People often ask me what the heck is going on with Cal Poly’s nutty quarter numbering system. I’m going to try to summarize it.
Before I begin, I think I’m probably suffering from Stockholm syndrome, here; I’m kind of fond of it, even though it’s non-intuitive.
Based on a very brief conversation with Debbie Dudley, it appears that the current system was designed in 2006, during the migration to PeopleSoft. At that time, Cal Poly had to devise a system for numbering quarters both in the future and in the past (that is, the new system also had to represent existing records of past students).
The rest of this is still largely hypothetical; please feel free to write and correct me about anything I’ve gotten wrong; I think that trying to understand how the system arose helps me (and you?) to understand its quirks a bit better.
(Semi) Hypothetical History
Problem: we need a way to represent a particular quarter (e.g.: Fall 2006) as a number. It would be really convenient to be able to sort in a sane way, etc. etc.
Solution: well, let’s use integers, not floats (for what are hopefully obvious reasons). Let’s use the year, then a digit for the quarter. What digits should we use for the quarters? Well, we should probably stay away from zero, because it’s not clear what year a zero would belong to. Okay, let’s use 2, 4, 6, and 8 for the four quarters. This spaces out the four quarters, and allows for the insertion of additional terms, should it become necessary.
So, how should we write Fall 2006? We could write “20068”. But… let’s try to cut that down to four digits.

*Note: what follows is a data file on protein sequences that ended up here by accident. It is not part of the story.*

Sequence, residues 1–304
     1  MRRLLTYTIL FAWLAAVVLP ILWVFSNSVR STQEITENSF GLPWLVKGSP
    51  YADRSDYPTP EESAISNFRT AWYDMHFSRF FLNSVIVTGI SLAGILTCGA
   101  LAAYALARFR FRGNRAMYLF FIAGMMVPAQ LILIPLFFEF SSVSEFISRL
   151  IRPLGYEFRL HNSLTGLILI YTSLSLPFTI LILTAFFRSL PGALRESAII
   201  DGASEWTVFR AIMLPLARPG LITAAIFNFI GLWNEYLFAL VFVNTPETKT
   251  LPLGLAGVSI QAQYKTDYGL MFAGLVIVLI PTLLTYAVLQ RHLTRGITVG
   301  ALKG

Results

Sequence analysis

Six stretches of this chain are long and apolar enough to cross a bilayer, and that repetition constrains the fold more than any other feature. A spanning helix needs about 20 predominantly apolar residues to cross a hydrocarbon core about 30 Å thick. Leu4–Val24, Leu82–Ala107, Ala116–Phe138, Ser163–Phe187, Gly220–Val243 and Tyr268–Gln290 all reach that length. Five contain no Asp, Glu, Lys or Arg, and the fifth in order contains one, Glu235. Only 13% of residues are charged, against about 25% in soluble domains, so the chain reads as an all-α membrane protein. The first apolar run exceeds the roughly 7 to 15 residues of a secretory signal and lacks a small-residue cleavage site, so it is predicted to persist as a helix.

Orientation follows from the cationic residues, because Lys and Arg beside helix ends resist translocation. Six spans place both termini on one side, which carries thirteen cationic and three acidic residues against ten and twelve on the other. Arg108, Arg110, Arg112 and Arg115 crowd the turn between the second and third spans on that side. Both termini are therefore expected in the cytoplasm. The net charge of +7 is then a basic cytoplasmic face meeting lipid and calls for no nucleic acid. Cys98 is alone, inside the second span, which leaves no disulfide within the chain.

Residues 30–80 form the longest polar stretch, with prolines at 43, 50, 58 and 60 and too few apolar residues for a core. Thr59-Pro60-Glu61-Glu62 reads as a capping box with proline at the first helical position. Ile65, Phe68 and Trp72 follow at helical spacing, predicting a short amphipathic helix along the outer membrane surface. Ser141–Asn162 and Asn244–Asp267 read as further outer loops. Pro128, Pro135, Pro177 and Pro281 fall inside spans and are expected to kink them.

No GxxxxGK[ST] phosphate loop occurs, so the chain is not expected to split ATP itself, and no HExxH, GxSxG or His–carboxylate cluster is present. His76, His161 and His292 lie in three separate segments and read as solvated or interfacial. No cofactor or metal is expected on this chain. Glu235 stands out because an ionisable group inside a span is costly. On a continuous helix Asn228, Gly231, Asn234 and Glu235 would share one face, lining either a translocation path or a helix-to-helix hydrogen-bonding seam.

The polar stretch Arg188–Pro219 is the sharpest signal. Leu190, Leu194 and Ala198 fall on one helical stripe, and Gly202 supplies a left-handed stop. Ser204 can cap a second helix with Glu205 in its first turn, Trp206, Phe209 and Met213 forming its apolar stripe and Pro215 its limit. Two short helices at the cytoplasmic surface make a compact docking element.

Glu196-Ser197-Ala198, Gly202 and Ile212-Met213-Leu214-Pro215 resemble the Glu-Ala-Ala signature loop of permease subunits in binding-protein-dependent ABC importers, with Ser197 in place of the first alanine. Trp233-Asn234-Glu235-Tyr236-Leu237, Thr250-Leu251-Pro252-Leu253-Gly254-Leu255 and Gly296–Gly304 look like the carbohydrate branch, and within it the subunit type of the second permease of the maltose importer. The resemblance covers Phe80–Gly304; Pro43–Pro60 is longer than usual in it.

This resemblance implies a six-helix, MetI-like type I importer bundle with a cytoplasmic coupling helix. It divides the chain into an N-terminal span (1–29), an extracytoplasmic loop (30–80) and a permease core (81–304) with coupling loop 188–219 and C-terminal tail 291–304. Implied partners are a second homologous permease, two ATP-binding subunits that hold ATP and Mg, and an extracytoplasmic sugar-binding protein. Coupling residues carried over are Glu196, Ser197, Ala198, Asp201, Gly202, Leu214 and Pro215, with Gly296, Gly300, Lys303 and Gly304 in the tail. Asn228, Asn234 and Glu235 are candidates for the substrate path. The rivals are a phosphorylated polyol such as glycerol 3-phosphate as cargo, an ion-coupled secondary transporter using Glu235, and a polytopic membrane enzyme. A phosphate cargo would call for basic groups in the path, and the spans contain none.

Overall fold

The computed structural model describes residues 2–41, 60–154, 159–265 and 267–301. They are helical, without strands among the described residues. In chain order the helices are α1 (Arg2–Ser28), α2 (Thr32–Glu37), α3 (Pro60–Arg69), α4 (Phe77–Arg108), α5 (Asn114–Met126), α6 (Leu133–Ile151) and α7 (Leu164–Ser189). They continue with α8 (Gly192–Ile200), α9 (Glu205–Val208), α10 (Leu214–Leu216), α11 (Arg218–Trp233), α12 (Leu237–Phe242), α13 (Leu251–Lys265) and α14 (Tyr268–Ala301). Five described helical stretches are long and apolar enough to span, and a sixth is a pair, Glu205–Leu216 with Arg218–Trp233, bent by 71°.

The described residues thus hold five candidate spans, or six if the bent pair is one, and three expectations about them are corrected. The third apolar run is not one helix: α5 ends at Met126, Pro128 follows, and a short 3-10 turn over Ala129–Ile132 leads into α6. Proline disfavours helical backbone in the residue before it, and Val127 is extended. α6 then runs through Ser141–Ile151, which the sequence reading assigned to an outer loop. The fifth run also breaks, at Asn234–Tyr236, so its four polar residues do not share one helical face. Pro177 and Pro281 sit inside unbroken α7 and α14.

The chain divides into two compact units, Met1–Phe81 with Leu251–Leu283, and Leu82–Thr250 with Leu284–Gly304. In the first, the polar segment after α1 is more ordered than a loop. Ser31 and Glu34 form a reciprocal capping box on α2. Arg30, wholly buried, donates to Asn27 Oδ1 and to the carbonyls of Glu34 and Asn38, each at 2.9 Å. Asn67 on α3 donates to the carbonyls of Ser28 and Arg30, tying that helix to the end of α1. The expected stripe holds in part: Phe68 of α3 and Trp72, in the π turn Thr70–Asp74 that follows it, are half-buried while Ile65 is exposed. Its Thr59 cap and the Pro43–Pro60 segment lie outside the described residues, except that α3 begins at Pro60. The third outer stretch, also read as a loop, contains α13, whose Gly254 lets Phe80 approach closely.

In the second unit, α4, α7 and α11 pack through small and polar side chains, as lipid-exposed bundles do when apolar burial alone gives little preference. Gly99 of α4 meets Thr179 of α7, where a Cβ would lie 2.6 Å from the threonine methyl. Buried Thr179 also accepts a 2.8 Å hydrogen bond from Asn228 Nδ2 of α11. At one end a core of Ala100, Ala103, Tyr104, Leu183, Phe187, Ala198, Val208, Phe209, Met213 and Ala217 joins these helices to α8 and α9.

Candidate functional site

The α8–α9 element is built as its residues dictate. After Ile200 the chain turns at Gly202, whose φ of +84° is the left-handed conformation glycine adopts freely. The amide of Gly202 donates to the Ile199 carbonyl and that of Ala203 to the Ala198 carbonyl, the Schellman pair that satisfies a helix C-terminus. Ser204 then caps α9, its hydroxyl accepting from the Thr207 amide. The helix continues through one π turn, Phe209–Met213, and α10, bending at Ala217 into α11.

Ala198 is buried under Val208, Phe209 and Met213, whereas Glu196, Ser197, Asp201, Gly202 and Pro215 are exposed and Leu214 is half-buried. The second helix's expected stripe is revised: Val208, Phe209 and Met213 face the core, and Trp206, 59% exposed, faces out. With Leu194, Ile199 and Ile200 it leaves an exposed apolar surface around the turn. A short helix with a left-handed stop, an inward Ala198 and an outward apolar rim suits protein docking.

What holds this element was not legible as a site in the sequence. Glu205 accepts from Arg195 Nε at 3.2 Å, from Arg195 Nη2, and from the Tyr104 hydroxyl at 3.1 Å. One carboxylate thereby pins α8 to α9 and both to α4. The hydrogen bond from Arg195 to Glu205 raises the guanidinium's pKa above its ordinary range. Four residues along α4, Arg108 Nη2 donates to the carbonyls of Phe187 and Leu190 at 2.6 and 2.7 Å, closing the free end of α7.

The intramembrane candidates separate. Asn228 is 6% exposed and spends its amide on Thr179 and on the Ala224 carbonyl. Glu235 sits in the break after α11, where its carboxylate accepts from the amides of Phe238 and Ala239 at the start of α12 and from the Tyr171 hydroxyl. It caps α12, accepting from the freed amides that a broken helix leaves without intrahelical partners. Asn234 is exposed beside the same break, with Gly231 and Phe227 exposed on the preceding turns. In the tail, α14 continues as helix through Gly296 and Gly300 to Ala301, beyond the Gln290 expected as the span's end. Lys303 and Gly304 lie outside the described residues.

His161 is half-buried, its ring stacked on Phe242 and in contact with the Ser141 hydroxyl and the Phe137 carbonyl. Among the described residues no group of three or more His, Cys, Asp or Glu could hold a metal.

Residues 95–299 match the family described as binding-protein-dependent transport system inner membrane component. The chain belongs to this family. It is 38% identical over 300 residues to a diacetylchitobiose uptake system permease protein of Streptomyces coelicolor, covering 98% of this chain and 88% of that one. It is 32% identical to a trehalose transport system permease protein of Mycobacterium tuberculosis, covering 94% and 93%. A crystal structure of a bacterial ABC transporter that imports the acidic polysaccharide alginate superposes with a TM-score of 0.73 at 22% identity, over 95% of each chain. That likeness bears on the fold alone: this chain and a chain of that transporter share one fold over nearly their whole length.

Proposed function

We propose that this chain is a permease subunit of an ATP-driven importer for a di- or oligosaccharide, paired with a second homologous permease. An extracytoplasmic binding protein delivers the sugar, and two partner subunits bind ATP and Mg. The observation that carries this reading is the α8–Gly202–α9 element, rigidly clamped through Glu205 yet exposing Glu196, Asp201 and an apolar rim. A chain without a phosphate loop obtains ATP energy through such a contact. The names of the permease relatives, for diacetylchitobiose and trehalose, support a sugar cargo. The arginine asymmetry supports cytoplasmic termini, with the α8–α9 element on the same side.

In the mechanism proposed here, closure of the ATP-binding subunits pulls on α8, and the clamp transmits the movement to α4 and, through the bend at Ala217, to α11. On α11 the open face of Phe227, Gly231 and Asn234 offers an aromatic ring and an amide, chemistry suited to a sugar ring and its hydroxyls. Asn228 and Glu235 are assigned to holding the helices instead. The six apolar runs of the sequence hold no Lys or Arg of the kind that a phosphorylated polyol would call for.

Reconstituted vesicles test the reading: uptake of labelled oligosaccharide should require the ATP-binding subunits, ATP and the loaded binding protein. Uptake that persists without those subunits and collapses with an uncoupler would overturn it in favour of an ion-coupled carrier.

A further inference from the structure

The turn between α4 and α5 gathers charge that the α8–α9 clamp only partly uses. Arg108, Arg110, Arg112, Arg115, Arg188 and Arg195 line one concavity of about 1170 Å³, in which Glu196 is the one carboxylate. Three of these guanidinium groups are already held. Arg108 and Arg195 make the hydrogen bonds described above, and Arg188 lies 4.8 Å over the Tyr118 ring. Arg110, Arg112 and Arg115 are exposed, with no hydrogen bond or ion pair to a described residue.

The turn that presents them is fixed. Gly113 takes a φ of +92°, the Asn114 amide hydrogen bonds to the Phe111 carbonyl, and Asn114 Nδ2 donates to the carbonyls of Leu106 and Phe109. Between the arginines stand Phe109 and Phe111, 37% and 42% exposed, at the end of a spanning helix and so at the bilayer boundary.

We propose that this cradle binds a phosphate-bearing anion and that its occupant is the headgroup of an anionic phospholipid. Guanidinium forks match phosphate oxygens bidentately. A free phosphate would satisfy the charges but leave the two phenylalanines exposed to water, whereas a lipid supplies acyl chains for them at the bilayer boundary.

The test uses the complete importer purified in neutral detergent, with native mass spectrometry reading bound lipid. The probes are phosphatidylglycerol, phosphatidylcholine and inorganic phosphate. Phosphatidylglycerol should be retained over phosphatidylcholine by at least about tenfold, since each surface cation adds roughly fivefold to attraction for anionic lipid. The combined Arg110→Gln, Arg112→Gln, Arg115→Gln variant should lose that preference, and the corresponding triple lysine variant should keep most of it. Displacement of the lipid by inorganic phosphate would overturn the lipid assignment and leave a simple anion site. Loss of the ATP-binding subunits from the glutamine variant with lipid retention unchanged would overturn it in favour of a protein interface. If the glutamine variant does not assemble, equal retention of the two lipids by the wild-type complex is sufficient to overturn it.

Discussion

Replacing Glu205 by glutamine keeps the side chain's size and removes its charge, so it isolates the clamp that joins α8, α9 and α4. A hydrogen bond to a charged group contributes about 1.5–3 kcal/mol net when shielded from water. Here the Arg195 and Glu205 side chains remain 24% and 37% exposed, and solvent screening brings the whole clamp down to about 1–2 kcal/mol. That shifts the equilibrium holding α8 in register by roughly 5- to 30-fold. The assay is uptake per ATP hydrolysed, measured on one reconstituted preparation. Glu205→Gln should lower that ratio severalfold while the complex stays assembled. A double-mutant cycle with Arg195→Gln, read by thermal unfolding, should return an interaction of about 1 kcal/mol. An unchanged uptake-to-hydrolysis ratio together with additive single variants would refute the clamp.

(Knowing what I now know, I can’t see why you would want to do this unless PeopleSoft has some kind of internal restriction or performance penalty regarding numbers with more digits. Let’s assume this is the case.)
Well, maybe we can encode the century as a single digit. Let’s use “2” for the century from 2000 — 2099. So Fall 2006 becomes 2068.
Great! So how do we represent Spring 1997?
If we’re using century codes, then the one before “2” should be “1”. So in this case, Winter 1997 would be written as 1972.
Apparently, though, we decided that this was confusing, and that we should instead use a “0” for the 1900s, so that Winter 1997 is instead written as 0972.
This scheme is not awful, but it does have some problems if you try to subtract numbers or increment or decrement quarter numbers, because going from a fall quarter to the next winter quarter requires adding four… unless the year is 1999, in which case you have to add 1004. Oh well.
Okay, so let’s summarize. How the heck do we actually read one of these numbers?
Examples of quarter numbers:
2174 : 2000 + 17 = 2017, 4 = Spring. Spring 2017.
2102 : 2000 + 10 = 2010, 2 = Winter. Winter 2010.
976 : 1900 + 97 = 1997, 6 = Summer. Summer 1997.
Parsing a Cal Poly (San Luis Obispo) quarter number:
Actually, I’m going to be precise, and just give you some code.
Yes, in Racket.
1 2 3 4 5 6 7 8 9 10 11 12 13 14 15 16 17 18 19 20 21 22
#lang typed/racket ;; given a quarter, return its season: "Fall", "Winter", etc. (define (qtr->season [qtr : Natural]) : Season (match (modulo qtr 10) [2 "Winter"] [4 "Spring"] [6 "Summer"] [8 "Fall"])) ;; return the year in which a quarter number falls (define (qtr->year [qtr : Natural]) : Natural (define century-code (floor (/ qtr 1000))) (define year-code (modulo (floor (/ qtr 10)) 100)) (define century-offset (match century-code [0 1900] [2 2000] [_ (raise-argument-error 'qtr-year "qtr with century code of 0 or 2" 0 qtr)])) (+ century-offset year-code))